Mercedes C-Class Estate - MPG, running costs & CO2
Diesel engines offer low running costs, but the Mercedes C200 Estate mild hybrid is an intriguing alternative
It’s worth remembering that the Mercedes C-Class Estate is a premium car, so it’s priced to compete with its two chief rivals – the Audi A4 Avant and BMW 3 Series Touring. That means it’s more expensive to buy than an estate car of a similar size – or even a bigger one without such a desirable badge – but you get what you pay for.
None of the engines in the standard range could really be described as expensive to run and the diesels in particular are highly economical and have low CO2 emissions, especially when you consider the size of the car.
Residual values for cars in this class are traditionally stronger than those without a posh badge on the bonnet, and the Mercedes is no exception, so it will hang onto its money better than estate cars from lower down the pecking order.
Mercedes C-Class Estate MPG & CO2
Mercedes is rolling out its EQ range of electrified cars and the C200 petrol was the first version to be fitted with EQ Boost technology. This mild-hybrid setup sees a generator added to a 1.5-litre petrol engine, harnessing otherwise-wasted power under braking to give the petrol engine a 14bhp boost under acceleration. The result is up to 38.7mpg and 164g/km of CO2 emissions, resulting in a competitive BiK band to equivalent diesel models.
Other benefits of the mild-hybrid setup include engine-off coasting when you come off the throttle and longer periods of stop-start operation to further help with fuel-saving.
The larger and more powerful C 300 petrol doesn’t get EQ Boost, yet strangely manages to return virtually identical fuel economy and emissions figures.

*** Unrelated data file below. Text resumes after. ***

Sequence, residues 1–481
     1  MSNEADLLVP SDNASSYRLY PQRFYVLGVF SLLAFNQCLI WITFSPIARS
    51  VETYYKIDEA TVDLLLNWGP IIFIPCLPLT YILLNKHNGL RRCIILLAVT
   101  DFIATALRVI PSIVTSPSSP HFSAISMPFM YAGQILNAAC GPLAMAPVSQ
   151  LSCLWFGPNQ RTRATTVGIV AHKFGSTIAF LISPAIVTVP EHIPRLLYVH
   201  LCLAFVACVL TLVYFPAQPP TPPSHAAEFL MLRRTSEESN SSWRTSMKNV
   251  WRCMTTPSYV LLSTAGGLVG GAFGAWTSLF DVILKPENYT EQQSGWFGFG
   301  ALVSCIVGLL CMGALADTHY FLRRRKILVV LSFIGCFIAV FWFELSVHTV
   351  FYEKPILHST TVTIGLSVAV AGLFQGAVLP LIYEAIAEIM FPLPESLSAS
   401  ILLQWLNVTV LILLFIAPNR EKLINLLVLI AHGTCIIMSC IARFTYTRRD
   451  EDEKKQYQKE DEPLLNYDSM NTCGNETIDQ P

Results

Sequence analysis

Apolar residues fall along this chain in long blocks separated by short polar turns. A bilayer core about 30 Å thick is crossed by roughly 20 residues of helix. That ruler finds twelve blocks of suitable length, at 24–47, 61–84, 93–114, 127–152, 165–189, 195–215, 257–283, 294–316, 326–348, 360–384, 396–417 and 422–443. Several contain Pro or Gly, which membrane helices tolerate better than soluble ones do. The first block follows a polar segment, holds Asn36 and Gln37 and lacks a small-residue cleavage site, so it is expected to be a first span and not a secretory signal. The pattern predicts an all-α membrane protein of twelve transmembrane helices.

The most economical diesel model is the C 220 d, which will return up to 52.3mpg and emit 136g/km of CO2 with 18-inch wheels fitted.
The most efficient C-Class models are the C 300 e and C 300 de, which are fitted with petrol and diesel plug-in hybrid powertrains respectively. The C 300 e can return up to 176.6mpg and only emits 35g/km of CO2, while the C 300 de can manage up to 217.3mpg and emits exactly the same amount. Both are fitted with a 13.5kWh lithium-ion battery pack that takes around five hours to charge using a domestic socket, reducing to 1.5 hours with a wallbox.
All petrol and diesel C-Class Estates cost £150 per year to tax, plus a £325 surcharge for five years (paid at the beginning of year two of ownership and onwards) if the list price including options is over £40,000. Hybrid models are subject to the same surcharge, but have a slightly lower base rate of £140 per year.
As a premium car, the C-Class Estate isn’t going to be particularly cheap to insure. It starts from around halfway up the scale (which runs from one to 50) and increases as engines get more powerful.
Mercedes offers a standard three-year warranty with the C-Class Estate, but you can do as many miles as you want in that time. This is the exact same deal that BMW offers, but it’s better than Audi’s industry-standard three-year/60,000-mile cover.
Mercedes recommends servicing the C-Class Estate every year or 15,500 miles, which makes it easy to plan for maintenance costs. That’s also a reasonably long mileage interval, but not quite as long as the 20,000 miles and Audi A4 can cover between checks. It’s also a lot less ambiguous than BMW’s variable service intervals, however.
The cost of a service varies depending on the exact car, and while the company does offer fixed-price servicing deals, you’ll have to speak to your local dealer to determine the exact cost.